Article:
She needs to speak to the school. Tell th he isn't to stay in, or only one day a week, if her son wants to do it occasionally

Lateswim16 Wed 01-Jul-15 08:31:09

He stays inside? Sounds bloody ridiculous to me. Hat and cover up.

Ffs it's a few weeks of hot weather not the bloody Sahara desert.!

googoodolly Wed 01-Jul-15 08:32:48

They shouldn't be getting anyone to stay inside with him! That's horribly unfair to all the other children.

whois Wed 01-Jul-15 08:33:20

Parents should send him in with a long sleeved loose fitting white shirt with UV protection and a sun hat. FFS. Staying inside and making another child stay in is so redic.

Mrsjayy Wed 01-Jul-15 08:35:37

You can get those uv tshirts nowadays and he should be outside getting some sun leat for half hour anyway your friend should be speaking to school its unfair 1 child has to stzy in the little boy should chose a different friend every day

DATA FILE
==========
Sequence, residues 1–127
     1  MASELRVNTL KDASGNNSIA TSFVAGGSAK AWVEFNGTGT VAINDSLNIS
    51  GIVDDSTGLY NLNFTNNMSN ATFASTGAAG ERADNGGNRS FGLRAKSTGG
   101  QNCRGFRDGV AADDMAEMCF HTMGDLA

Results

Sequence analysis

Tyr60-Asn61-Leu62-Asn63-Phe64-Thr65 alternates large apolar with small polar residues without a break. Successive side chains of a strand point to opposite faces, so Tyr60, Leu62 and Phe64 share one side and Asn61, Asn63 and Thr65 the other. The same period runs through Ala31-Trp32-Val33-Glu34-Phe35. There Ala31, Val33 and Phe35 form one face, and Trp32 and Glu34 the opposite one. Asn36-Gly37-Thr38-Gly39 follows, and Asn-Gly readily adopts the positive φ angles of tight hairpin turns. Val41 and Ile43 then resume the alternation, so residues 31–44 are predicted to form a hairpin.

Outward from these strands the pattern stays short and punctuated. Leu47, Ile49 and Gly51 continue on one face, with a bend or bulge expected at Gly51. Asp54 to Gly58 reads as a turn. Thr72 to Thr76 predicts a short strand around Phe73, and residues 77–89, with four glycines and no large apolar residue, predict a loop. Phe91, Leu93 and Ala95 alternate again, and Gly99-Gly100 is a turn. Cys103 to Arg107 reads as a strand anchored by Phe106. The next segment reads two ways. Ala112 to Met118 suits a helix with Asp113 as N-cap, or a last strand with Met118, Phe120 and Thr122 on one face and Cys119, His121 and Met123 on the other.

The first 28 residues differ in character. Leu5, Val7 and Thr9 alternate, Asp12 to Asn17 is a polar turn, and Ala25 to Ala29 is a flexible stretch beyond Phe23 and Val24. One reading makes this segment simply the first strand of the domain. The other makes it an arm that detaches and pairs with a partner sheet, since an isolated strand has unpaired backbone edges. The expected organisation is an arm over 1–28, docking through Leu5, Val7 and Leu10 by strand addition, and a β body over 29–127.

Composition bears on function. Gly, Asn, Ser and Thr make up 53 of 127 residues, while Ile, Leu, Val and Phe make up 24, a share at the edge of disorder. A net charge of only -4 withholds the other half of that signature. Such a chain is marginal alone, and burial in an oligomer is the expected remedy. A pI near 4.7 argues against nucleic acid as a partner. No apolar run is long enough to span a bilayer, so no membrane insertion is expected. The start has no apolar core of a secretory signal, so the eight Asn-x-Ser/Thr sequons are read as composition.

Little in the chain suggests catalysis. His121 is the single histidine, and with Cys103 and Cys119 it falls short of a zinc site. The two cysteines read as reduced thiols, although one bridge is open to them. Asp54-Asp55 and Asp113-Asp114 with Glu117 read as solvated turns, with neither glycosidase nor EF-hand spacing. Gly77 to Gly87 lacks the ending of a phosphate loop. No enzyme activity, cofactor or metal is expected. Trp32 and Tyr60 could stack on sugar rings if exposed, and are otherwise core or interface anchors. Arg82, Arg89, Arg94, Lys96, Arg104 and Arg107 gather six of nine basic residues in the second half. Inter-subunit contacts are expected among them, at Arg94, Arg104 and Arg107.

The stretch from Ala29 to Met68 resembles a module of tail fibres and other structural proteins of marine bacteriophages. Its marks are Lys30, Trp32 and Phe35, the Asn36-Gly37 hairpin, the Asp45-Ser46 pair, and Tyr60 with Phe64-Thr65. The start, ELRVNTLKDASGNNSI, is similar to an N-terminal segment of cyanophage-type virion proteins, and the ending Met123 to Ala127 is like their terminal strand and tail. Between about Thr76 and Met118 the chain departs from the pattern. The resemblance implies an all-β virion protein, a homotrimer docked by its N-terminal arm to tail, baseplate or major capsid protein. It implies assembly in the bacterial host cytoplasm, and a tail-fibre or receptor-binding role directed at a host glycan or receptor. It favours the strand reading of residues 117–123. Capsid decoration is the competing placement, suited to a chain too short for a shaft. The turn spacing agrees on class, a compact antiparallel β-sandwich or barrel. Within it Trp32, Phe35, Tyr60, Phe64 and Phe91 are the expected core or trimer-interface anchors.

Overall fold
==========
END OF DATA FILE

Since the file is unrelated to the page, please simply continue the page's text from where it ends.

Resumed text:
AreYouThinkingWhatImThinking Wed 01-Jul-15 08:40:27

I don't think it's fair to this child, or the child that has stay in with him.

Like a pp said, surely a loose fitting long sleeved top and loose bottoms, a sun hat etc should be ok for the boy to still play outside... no child should have to stay indoors all the time when it's sunny

But if it's at the boys parents insistence then yes, a rotation of a different friend to stay inside with him each day is the fairest option.

I'd definitely be making my displeasure be know to the school about my son being made to stay in the majority of the time at when it clearly upsets him - poor little love

littlejohnnydory Wed 01-Jul-15 08:41:02

What's wrong with a uv top and hat for the friend? But no, I wouldn't be happy and I'd have a word with the teacher.

Gemauve Wed 01-Jul-15 08:50:26

Over protective, aggressive parent of the child with the allergy has spoken to the teacher, and to make him/her go away, the teacher is hoping the second child's parents have other things on their mind.